So how did the Bard's present-day voice -- at least in the cinema -- end up directing a movie about a Norse god appearing and fighting monsters in modern-day America?

Apparently, the story is that Branagh campaigned pretty hard with Marvel Studios to get the gig. He's supposedly a big fan of the comic book.

But let's set aside that public explanation and look deeper into it. Because what would seem like a plum job for most directors actually seems kind of like slumming for Branagh, doesn't it? Yeah, you've got a major studio's summer tentpole entrusted to you, but it's also total junk food compared to what you've been making previously, isn't it?

Then again, it's not like all of Branagh's previous projects have been highfalutin affairs that speak only to snooty college professors. Branagh also directed the lambasted 1993 version of Frankenstein, in which Robert DeNiro played the monster. (As weird as it sounds now, yes, that actually happened.) He also made the fun movie Dead Again, which basically amounts to a supernatural thriller.

But I have a hard time buying the narrative that Branagh saw his career naturally leading toward making a movie version of Thor. Fact is, he hasn't directed a film since the 2007 Michael Caine-Jude Law feature Sleuth, marking his longest layoff since he started directing back in 1989 with Henry V. You could argue that he hasn't directed a truly relevant film since 1996, when his four-hour version of Hamlet won general praise and an Oscar nomination (for best adapted screenplay, which is about the most hilarious thing I can think of, since the play was famously presented at full length). His oddball adaptation of Love's Labours Lost in 2000 was generally panned (for good reason), and I wasn't even aware he'd directed a version of As You Like It (in 2006) until preparing this piece.

So when I heard that Branagh was directing Thor, which I have always thought looks bad, my first reaction was a sense of sorrow for him. Even if many of his movies were better in theory than they were in reality, I always enjoyed the fact that we had a resident Shakespeare interpreter in the broader film community, and we could expect some new version of one of the Bard's works every couple years from him. Therefore, slumming for a Hollywood paycheck seemed like him failing his own standards of artistic merit.

And possibly out of necessity. Straightforward Shakespearean adaptations just don't fly anymore, do they? I think Branagh himself sensed this even back in 2000, when he made Love's Labours Lost a musical set during World War II. Which didn't work -- and how. But points for trying I guess. Reading up on As You Like It right now, I see that Branagh moved the events of that play to 19th century Japan. I guess that didn't work either, since the movie was not even on my radar.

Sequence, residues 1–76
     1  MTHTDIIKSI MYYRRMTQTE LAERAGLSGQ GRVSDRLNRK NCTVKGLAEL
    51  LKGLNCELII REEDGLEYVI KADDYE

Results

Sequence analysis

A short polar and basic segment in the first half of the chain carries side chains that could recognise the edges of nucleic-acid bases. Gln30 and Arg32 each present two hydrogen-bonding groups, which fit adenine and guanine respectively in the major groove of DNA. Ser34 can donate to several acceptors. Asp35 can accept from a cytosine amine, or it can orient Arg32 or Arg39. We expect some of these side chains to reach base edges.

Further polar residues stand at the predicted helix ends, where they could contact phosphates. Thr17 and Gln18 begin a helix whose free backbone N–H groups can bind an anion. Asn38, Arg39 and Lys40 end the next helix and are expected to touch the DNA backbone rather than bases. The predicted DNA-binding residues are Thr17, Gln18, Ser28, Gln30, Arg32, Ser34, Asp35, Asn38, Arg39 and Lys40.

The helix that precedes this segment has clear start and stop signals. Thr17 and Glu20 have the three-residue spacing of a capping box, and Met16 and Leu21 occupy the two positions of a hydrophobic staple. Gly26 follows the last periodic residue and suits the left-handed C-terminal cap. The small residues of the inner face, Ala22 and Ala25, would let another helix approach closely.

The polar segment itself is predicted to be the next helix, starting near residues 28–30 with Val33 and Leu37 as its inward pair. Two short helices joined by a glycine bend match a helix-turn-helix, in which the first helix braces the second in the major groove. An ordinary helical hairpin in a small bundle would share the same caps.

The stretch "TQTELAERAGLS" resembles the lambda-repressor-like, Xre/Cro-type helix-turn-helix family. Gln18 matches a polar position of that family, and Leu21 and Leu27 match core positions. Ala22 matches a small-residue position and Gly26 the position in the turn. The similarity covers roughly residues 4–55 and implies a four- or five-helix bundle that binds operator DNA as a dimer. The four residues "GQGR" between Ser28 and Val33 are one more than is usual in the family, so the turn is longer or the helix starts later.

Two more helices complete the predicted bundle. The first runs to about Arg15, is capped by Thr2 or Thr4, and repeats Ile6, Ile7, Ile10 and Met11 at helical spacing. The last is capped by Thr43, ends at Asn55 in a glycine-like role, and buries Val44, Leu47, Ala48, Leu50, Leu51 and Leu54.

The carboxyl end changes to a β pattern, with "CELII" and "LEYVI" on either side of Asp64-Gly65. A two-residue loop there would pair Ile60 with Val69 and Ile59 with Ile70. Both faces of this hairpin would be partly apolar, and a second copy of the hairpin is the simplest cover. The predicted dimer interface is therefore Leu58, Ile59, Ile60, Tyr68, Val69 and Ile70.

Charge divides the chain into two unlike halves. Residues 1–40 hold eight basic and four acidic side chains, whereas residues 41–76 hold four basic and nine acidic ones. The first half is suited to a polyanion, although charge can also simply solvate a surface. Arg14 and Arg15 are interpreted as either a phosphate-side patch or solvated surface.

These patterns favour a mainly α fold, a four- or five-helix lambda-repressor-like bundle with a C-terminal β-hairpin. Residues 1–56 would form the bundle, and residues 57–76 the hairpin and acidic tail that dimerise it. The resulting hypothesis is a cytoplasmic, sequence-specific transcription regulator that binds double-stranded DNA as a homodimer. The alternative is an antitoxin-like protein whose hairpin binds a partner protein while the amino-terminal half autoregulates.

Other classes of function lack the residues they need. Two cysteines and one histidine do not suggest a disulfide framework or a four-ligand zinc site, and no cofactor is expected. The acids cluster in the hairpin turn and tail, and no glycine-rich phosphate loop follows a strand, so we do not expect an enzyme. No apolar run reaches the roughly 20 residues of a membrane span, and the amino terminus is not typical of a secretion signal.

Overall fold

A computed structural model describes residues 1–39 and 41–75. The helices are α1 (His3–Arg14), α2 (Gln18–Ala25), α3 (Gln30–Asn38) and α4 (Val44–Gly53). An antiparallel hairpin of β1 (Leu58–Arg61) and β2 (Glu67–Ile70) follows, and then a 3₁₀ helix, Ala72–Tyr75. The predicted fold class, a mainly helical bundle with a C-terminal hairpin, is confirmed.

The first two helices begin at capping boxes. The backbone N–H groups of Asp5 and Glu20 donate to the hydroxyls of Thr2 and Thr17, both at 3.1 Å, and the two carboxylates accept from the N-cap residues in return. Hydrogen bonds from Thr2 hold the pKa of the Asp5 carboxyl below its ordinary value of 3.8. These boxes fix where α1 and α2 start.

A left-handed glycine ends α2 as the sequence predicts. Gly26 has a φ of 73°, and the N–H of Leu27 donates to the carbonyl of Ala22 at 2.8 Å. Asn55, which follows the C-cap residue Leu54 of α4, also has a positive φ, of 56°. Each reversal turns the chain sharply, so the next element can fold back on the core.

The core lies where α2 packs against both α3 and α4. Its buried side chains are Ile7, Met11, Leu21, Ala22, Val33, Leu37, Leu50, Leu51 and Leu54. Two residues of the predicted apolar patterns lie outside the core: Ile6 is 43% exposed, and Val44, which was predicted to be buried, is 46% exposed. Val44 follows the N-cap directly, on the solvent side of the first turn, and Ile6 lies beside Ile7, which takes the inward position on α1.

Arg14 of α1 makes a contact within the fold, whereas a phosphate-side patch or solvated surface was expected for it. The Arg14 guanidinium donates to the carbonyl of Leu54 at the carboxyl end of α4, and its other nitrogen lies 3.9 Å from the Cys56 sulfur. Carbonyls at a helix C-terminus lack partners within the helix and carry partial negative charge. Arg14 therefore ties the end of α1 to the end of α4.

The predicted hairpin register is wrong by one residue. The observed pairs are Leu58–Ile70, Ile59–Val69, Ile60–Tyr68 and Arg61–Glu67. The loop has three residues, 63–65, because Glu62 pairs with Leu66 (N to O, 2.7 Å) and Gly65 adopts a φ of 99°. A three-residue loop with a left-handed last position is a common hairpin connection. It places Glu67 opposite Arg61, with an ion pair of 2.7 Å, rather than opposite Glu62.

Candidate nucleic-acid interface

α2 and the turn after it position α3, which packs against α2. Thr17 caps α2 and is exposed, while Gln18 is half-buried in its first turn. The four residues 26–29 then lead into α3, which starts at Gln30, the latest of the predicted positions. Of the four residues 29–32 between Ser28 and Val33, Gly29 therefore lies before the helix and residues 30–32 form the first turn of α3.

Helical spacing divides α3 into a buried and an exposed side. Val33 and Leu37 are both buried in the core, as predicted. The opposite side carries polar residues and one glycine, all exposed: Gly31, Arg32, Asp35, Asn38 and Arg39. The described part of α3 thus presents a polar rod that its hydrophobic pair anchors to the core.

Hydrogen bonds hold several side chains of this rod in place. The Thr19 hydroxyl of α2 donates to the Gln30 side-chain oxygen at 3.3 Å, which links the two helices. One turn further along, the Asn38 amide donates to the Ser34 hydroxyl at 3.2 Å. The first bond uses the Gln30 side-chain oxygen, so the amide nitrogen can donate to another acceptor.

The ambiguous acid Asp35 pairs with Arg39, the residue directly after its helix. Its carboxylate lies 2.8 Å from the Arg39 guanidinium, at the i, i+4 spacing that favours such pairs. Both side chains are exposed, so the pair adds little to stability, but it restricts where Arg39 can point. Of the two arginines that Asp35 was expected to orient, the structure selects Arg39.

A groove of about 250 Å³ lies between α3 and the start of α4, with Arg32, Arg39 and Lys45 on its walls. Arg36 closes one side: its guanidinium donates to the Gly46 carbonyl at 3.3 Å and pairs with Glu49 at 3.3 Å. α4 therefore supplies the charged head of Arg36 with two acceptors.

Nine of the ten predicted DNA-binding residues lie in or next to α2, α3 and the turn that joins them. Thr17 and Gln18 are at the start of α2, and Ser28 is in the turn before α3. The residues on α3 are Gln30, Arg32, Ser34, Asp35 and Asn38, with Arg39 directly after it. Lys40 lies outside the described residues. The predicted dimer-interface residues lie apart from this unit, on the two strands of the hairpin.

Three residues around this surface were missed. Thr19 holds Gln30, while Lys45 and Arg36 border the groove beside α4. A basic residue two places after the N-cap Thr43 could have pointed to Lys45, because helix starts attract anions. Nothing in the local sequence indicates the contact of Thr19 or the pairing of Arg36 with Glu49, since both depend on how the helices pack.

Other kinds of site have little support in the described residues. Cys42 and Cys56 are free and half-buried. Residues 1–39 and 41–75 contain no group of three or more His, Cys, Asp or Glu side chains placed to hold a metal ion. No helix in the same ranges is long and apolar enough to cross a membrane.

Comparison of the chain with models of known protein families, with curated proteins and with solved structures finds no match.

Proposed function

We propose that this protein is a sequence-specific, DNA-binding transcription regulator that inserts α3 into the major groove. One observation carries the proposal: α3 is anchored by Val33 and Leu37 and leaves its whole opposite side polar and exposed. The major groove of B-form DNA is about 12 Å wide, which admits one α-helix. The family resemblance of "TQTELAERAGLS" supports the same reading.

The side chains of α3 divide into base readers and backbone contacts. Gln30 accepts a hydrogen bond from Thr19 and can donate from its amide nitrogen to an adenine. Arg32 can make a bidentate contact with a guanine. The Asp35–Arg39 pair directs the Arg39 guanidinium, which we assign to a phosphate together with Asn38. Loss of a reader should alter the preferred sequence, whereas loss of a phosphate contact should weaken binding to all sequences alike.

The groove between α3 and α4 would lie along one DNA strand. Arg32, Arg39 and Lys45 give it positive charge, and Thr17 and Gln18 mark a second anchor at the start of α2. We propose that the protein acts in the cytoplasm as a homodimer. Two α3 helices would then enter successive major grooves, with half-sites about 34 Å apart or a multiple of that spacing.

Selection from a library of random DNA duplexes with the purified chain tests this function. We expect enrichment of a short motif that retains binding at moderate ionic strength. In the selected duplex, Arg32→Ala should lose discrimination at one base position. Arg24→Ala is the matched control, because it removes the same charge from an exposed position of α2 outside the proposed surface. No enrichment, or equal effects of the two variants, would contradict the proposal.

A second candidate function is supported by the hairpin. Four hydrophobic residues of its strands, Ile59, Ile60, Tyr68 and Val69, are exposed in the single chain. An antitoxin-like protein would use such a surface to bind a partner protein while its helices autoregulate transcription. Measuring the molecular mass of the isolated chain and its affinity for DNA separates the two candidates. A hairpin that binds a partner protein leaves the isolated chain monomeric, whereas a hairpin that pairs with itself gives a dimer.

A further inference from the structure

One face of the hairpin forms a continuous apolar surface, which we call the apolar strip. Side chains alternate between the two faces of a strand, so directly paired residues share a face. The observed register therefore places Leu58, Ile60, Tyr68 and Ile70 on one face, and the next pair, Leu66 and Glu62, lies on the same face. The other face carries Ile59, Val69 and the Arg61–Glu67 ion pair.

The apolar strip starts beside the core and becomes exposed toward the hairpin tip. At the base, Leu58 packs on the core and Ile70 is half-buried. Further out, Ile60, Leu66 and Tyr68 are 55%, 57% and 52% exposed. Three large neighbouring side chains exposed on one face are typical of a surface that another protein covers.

Now it seems like the baton has been passed to Julie Taymor, who has twice adapted Shakespeare in her inimitable, colorful style: Titus in 1999 and The Tempest last year. Not that those movies raked in the dough either, even with the enthusiastic participation of many esteemed actors who wanted to wrap their lips around Shakespeare's words.

Well, Thor does at least deal with antiquity, in terms of this god who comes down to earth. I just hope Branagh feels genuinely okay about the whole thing.

Me, I think Thor's star (Chris Hemsworth) seems like a zero, and the movie seems like another unwarranted attempt to make bank on a fringe comic book hero.

Maybe Branagh is just trying to prepare us for his next Shakespearean adaptation -- Macbeth as a bad-ass crimefighter with the strength of Superman?

Friday, May 6, 2011

A second big sigh of relief

I met Travis Betz a little over three months ago, when I was a guest on his podcast.

Since then, I've seen two features he's directed -- Lo on Netflix streaming back in February, and The Dead Inside, just last night at the Los Angeles United Film Festival, held at the classic Los Feliz 3 theater in Los Feliz.